Imagine the press secretary of the Russian President or the spokesperson of the Russian Foreign Ministry making statements such as the US State Department spokesperson made today after the terrible terrorist attacks in the United States in 2001, which the White House interpreted as an attack on the country and not a local attack or an attack by international terrorism? Can you imagine what would have happened if a Russian official said there would be more of such terrorist attacks unless Washington changed its policies in the Middle East or any other countries? No, this is impossible to imagine, not even in theory. It is impossible to imagine this in Moscow, but it was also impossible to imagine in Washington in 2001. Ari Fleischer, a White House press secretary under President George W. Bush, said the following about those events and the actions of the Russian political leadership: “America could have had no better ally on September 11th than Russia and Putin.” This was said by an American official who knows and remembers history. I know that the current American politicians are no longer of the same calibre, but I never thought they would sink so low.
What I can say is that in our opinion, Washington’s current actions and the public stance in the media environment adopted by the US government target not so mush state-to-state relations as they do the relations between the peoples of our two countries. The US Department of State should be aware of the fact that Russians hear and understand statements coming from it. How do you expect Russians to view the US when John Kirby says that “Russia will continue to send troops home in body bags, and there will be more terrorist attacks?” Just think about it! Even Radio Free Europe/Radio Liberty will probably stop quoting US representatives.
There is another thing I would like to highlight. Statements coming out of the US Department of State, the White House and especially law-enforcement agencies show that Washington’s position is inconsistent and that it is on the verge of hysteria regarding the Syrian issue, and in general regarding the situation in the Middle East and North Africa. It is clear that this nervous response is caused by the White House’s misguided strategy in the Middle East, as well as its inability to deliver on the commitments that it had publicly declared. I am referring to the obligation to separate the opposition and al-Nusra fighters. We cannot rule out that the misguided strategy that led the US into an impasse in the region is attributable to the fact that the US Administration simply followed some of its so-called regional allies who wanted the US to take specific action in order to bring about regime change in certain countries. Of course, one of the reasons is that Washington lacks solid expertise in this area. Acknowledging errors is not shameful; what is shameful is continuing a policy while understanding that it is erroneous and leads into an impasse, ripping through all reasonable, logical options and the right solutions.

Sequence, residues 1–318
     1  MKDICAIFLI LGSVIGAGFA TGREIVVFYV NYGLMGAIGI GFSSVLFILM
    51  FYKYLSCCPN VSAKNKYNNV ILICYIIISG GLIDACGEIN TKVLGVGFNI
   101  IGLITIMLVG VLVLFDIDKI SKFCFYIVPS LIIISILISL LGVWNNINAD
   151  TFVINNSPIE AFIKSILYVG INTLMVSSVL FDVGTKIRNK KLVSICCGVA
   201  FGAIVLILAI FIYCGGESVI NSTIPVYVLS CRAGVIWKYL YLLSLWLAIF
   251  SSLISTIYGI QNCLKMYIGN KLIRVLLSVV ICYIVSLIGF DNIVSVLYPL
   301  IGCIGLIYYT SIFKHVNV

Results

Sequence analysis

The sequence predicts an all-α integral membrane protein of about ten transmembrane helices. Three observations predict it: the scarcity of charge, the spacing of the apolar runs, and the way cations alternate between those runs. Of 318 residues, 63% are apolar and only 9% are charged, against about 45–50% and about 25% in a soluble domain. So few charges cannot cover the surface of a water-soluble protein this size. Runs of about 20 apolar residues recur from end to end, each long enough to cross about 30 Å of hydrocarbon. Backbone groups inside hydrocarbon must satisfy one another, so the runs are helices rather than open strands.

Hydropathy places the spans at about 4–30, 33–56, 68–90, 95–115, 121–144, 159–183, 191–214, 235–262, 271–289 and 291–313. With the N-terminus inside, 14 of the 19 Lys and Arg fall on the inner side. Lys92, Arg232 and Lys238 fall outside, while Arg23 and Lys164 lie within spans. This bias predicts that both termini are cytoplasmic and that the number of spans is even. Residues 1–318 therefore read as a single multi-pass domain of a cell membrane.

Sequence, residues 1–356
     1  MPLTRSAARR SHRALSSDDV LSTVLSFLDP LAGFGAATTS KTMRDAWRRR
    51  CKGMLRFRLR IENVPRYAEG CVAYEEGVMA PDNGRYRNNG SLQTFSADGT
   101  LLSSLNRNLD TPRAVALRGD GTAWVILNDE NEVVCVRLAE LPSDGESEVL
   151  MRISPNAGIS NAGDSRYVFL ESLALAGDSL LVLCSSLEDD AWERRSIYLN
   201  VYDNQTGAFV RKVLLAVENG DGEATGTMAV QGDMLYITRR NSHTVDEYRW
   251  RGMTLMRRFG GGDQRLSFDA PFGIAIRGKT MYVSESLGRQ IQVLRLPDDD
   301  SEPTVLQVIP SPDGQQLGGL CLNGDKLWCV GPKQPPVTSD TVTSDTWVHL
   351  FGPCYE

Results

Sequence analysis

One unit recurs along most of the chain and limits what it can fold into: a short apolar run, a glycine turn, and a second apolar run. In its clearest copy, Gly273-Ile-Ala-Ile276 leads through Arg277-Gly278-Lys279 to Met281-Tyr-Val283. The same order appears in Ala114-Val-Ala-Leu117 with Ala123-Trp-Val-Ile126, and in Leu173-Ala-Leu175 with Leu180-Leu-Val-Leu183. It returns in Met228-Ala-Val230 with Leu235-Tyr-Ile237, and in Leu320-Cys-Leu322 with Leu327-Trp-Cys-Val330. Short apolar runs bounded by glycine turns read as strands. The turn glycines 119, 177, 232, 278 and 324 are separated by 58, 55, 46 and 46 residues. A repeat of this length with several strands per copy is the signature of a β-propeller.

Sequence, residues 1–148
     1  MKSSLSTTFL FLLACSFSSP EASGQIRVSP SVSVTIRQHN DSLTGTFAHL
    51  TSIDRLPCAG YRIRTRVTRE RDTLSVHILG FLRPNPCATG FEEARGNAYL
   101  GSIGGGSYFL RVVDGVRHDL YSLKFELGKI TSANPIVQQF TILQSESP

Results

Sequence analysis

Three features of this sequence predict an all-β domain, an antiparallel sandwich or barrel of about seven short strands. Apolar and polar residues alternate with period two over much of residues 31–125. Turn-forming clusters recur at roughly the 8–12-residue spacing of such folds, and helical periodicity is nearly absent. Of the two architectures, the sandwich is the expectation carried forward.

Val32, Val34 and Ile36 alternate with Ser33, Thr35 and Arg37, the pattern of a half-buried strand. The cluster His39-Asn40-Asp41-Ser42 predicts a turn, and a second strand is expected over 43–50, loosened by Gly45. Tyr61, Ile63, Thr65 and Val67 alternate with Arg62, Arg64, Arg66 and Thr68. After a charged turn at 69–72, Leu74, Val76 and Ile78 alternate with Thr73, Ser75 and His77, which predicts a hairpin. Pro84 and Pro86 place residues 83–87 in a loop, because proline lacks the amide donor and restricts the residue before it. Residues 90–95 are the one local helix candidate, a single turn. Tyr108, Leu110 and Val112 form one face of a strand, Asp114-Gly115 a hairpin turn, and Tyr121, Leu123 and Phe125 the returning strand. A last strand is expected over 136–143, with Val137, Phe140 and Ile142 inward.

This was not the only statement we heard today. White House Press Secretary Josh Earnest said that it is hard to see how Russia’s involvement in the Syrian crisis “benefits Russia’s national security.” What I can say to Mr Earnest in this regard is that Russia’s national security should not be a matter of concern for the White House, which instead had better focus on US national security. It would be great, for example, if the White House lets EU countries take care of their national security. It would make things easier in many ways. Russia will take care of its own national security, the EU will try to develop its own independent national security framework, and Washington will only have to deal with its domestic national security issues.